We got this nice comment today from Francine Hardaway on behalf of Zedo (who we called out in an earlier post). It’s gratifying to hear that a company in the ad network business cares enough about artists to respond to criticism. This exchange highlights the most important aspect of the collision of legitimate companies with the seedy underbelly of the Internet–it’s not enough to sit back and wait for someone to formally notify you when things are going wrong.
Ad networks are the Pinto of the 21st Century and it’s important not to cover up responsibility as it will only come back to bite in the end. Not to mention that good companies are run by good people who want to do the right thing.
I’m particularly glad to get this response because Esther Dyson’s book “Release 2.0” inspired me in the 90s. We look forward to not seeing Zedo show up on pirate sites we check in the future.
“Thanks for bringing this to our attention. We agree with you on torrent sites. ZEDO has many ad network customers, and while we contractually prohibit them from serving ads on sites that allow torrents or downloads of copyright protected content, we can’t practically police this. We respond to takedown notices quickly and take them seriously. We will find out which of our customers this is and get our tags taken off the site. ZEDO must be significantly far down the daisy chain here, though. We haven’t been able to find our tags directly on these sites yet but there is obviously a huge chance that the ad network on the site is selling to another ad network, who sells to another one, and at some point, a ZEDO customer.
Bummer. Obviously neither we nor Esther Dyson condone this.”
[Our Central European correspondent has some insights into the Pussy Riot prosecution that might be of interest to MTP readers. This is more of a realpolitik analysis and should not be taken as being against Pussy Riot.]
First and foremost, it is important for Western readers to know that Putin is going after the band for purposes of local consumption. As much as we might see the world with a geocentric bias toward the West neither Putin nor the Russian people see it that way. This is a political trial of Russians by Russians and for Russians. If anything, the backlash from the West will be seen as an affront to Russian sovereignty. It’s chess, not checkers.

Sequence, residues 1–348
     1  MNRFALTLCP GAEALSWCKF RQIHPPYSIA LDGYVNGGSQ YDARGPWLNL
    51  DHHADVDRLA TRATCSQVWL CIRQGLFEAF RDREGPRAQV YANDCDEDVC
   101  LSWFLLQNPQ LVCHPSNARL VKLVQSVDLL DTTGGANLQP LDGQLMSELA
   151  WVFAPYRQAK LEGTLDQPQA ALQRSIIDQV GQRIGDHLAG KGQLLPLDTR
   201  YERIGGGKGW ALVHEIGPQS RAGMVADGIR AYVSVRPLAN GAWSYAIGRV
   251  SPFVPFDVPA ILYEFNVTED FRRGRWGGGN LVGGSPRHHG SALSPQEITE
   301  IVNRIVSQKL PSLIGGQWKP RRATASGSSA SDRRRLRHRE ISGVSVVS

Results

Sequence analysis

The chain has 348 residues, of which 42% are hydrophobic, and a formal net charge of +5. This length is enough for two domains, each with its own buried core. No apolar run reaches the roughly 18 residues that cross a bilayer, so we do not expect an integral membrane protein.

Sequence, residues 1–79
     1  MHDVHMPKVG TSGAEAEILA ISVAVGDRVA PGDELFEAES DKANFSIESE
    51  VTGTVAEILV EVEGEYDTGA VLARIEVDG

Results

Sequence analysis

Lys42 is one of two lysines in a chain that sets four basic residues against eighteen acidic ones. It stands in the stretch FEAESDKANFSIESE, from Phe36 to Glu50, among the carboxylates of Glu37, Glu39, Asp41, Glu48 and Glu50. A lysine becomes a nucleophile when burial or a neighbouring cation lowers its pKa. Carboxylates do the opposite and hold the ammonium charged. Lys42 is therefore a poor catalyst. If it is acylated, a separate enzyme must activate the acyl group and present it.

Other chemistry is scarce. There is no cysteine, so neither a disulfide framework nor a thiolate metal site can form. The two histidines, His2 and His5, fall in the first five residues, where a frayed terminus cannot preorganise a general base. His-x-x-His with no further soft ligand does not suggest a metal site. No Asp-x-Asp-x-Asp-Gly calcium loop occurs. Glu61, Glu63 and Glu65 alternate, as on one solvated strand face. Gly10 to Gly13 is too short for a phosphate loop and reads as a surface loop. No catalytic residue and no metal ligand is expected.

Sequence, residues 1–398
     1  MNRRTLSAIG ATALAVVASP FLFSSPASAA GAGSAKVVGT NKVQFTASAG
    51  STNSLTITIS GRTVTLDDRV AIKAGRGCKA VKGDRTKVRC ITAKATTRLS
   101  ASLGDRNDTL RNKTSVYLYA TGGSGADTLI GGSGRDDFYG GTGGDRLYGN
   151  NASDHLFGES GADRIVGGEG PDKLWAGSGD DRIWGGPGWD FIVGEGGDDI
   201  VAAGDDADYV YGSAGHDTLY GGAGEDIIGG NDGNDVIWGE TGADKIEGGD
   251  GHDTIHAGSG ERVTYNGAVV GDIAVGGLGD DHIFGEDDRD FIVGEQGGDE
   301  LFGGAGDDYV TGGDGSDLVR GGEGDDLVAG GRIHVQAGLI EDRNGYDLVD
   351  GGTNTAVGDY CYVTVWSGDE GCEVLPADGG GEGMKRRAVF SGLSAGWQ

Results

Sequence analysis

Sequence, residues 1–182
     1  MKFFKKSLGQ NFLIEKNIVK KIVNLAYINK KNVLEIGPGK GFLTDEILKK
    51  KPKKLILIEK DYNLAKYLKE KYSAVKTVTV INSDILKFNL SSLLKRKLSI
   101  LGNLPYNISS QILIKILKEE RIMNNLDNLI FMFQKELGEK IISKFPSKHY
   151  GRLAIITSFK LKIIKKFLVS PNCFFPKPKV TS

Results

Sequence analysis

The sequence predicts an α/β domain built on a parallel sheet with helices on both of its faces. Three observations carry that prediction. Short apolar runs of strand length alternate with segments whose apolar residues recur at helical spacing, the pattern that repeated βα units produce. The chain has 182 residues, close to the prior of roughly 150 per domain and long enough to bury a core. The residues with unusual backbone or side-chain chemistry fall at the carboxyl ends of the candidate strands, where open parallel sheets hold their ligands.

That being said, it is not clear how much the whole thing isn’t actually playing into Putin’s hands. The recent pre-election demonstrations revealed some interesting alliances (those would be the elections that Putin won despite significant opposition, remember).
Those demonstrations may have demonstrated that Putin has lost the liberal metropolitan elite (not that he ever really had them) and that his key strategic political aim is to strengthen his support with other social groups.
One might say cynically that when the old Soviet Union disintegrated, the Communist Party apparatus was just replaced by the Orthodox Church. (That would be the church where Pussy Riot staged their 40 second punk protest.) Since the Church is a large and growing political constituency, Putin likely knows that anything he can do to put him onside with the Church is going to strengthen his hand.
Equally, anything which shows that he is standing up to intimidation from the West is also going to play to another domestic constituency of Russian nationalists (another growing political constituency) – so the idea that the terrible publicity in the West is a problem for him is not necessarily the case.
Something of a dog whistle in the subcontext of the Pussy Riot prosecution is the message to Putin’s supporters (including the government) that he is not afraid to bring down the State prosecutorial apparatus for even a minor affront.
That message was also confirmed in the recent prosecution of oil oligarch Mikhail Khodorkovsky (formerly Russia’s richest man through the Yukos oil company), who was actually prosecuted in Khamovnichesky courthouse, the same Moscow courthouse where Pussy Riot was tried.
On the other hand, both of these trials may have transformed both Pussy Riot and Khodorkovsky from rather sophomoric figures in the larger Russian society into symbols of resistance in no small part due to eloquent statements made at trial by the defendants. (I use “trial” guardedly.)
Pawns no more, Pussy Riot may return to the board as larger symbols of freedom at least to Russia’s liberal metropolitan elite. Whether they do so after a stretch in the gulag, time will tell. Putin may pardon them (although I doubt it), and the band has said they will decline a pardon. Westerners probably don’t quite understand how gutsy it is to accept a stretch in any Russian jail when a pardon was offered. Rather heroic, actually.